What Is "The Spectacle"?
An Anti-Naturals Primer
"The Spectacle" is a phrase coined in the 1960's by French theorist Guy Debord to describe a phenomenon of late capitalism. The Spectacle is the face of Capitalism, the interface between the machine (the system) and the people it needs to feed it. The Spectacle comprises the media barrage that surrounds us (which is becoming more ubiquitous) but also such institutions as Religion, Nationalism, and Racial Identity.
The System represented by the Spectacle wants you to label yourself so they can know what to sell you -- whether that be products or ideas advantageous to the continuance of the system as it exists. They will use your age bellious: SUVs, Rock 'n' Roll, Zen Buddhism. For those who are uncomfortable with their perception of the current society, there are conservative branches of religion, anything preceded by the phrase "good, old-fashioned," and whatever else the Spectacle wants to position as conservative. The Spectacle has no allegiances except to that of the Capitalist machine. It is freely adaptable. It can take in any radical impulse and neutralize it by turning it into an opportunity for selling something. (This is called recuperation.) Racism, brotherhood -- it is all the same to the Spectacle. All are transformed into identities -- consumer trends -- that the Spectacle can then market to. There is no inherent Morality.
Another function of the Spectacle is to prevent resentment by the general populace of the few who have substantial wealth. Since almost all media outlets are now owned by big corporations (or are beholden to big corporations because of the need for funding), all the bthose in charge, those with money. This wall of images and words exist solely to distract everyone from what is really going on. Why do so many people fail to complain about substantial tax cuts that benefit only a very small percentage of people? Some are fooled by numbers which average the cut over the whole population, implying that everyone will get something. But most people, upon hearing the truth, still believe that what is good for the rich, is good for the economy. Everyone is afraid to Rock the Boat, perhaps making the economy worse. Of course, the media supports these notions. But it is more than that: Everyone harbors a secret hope that they, too, could someday fall into that Big Tax Bracket, with a little luck and of course Hard Work. The Spectacle provides plenty of widely publicized examples of "regular" people winning large sums. There are lotteries galore, "win a million" game shows and "reality" shows where a person only needs to be able to answer some trivia questions or withstand grubs up their nose to make it rich. It seems tantalizingly close. These exceptions to the rule mollify people. No one knows how the top 1% has acquired their wealth. Everyone assumes it is "earned."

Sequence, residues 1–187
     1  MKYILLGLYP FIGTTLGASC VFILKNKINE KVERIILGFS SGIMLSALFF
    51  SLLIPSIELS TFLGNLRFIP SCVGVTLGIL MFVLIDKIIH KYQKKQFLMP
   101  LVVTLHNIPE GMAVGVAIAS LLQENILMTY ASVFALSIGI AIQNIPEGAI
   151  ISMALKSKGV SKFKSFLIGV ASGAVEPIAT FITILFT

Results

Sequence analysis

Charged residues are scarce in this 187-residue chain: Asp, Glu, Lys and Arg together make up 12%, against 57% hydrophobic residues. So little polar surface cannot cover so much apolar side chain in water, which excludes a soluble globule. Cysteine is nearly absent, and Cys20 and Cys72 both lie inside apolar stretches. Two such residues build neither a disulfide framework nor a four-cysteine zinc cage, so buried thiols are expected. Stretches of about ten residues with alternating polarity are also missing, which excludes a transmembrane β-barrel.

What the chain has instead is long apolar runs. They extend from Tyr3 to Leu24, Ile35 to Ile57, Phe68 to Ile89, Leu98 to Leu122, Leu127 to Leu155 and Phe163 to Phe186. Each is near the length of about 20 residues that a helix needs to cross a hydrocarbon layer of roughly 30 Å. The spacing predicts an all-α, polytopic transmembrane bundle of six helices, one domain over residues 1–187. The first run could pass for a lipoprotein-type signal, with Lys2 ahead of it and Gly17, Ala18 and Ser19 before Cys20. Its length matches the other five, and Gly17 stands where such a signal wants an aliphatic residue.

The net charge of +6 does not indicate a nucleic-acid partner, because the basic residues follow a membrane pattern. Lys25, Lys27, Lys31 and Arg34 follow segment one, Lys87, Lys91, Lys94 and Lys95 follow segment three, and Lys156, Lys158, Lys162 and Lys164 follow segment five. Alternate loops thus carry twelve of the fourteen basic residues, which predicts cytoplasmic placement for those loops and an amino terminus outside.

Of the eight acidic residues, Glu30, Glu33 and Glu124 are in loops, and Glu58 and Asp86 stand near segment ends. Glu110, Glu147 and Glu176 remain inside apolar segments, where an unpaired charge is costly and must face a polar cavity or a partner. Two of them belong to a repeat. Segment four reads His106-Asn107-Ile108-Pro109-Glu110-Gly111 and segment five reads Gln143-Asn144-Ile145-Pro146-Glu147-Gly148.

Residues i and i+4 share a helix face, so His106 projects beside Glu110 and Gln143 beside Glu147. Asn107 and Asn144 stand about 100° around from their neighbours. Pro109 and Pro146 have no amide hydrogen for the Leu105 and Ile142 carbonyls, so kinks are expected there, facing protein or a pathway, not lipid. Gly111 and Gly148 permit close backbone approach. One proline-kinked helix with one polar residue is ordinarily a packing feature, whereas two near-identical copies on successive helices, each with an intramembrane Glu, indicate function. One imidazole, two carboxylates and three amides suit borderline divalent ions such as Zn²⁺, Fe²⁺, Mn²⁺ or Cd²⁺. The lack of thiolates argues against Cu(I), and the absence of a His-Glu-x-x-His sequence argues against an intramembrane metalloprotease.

The Market is supposed to even things out but the Spectacle makes it much easier to skew the results. The recent dot-com crash was directly caused by individual greed that perverted the supposed reason for existence of the stock market -- to provide capital to companies. Many of the IPOs for these companies were undercut by the banks who sponsored them, selling the stock at a bargain price to their business cronies. Many of the fledgling underfunded companies then went under, precipitating a crash. More individual greed was at fault when CEOs and other highly placed company officials created conditions that falsely inflated the stock price of their companies -- giving them huge profits. Considering that one highly effective way to inflate stock prices is to lay people off, considering that many people who worked for Enron and invested in Enron lost their life savings, how could this system ever be considered a moral one?
And this is where the Spectacle once again takes over in controlling the perception of this situation. Individual greed is built into the system -- it is expected -- but here it spilled out in the public view. Of course, the representatives of the system had to publicly disavow these actions. The New York Stock Exchange even felt the need to run an ad on television saying how trustworthy their member companies were. Privately, it seems certain, the powers-that-be were more concerned that some few took it a little too far, spoiling it for the rest of them. Investor confidence (AKA the ability to be duped into thinking 'this is the way to the top') had to be restored. Of course, no one is suggesting that the many people who lost everything are compensated out of the pockets of the perpetrators. The Spectacle's false version of Morality will only go so far.
There is a battle going on right now, a battle to rebuild the standard view of society as propped up by the Spectacle. If we look beyond the veil, perhaps we can try to right the wrongs in a meaningful and decisive way. Let us strike while the iron is hot.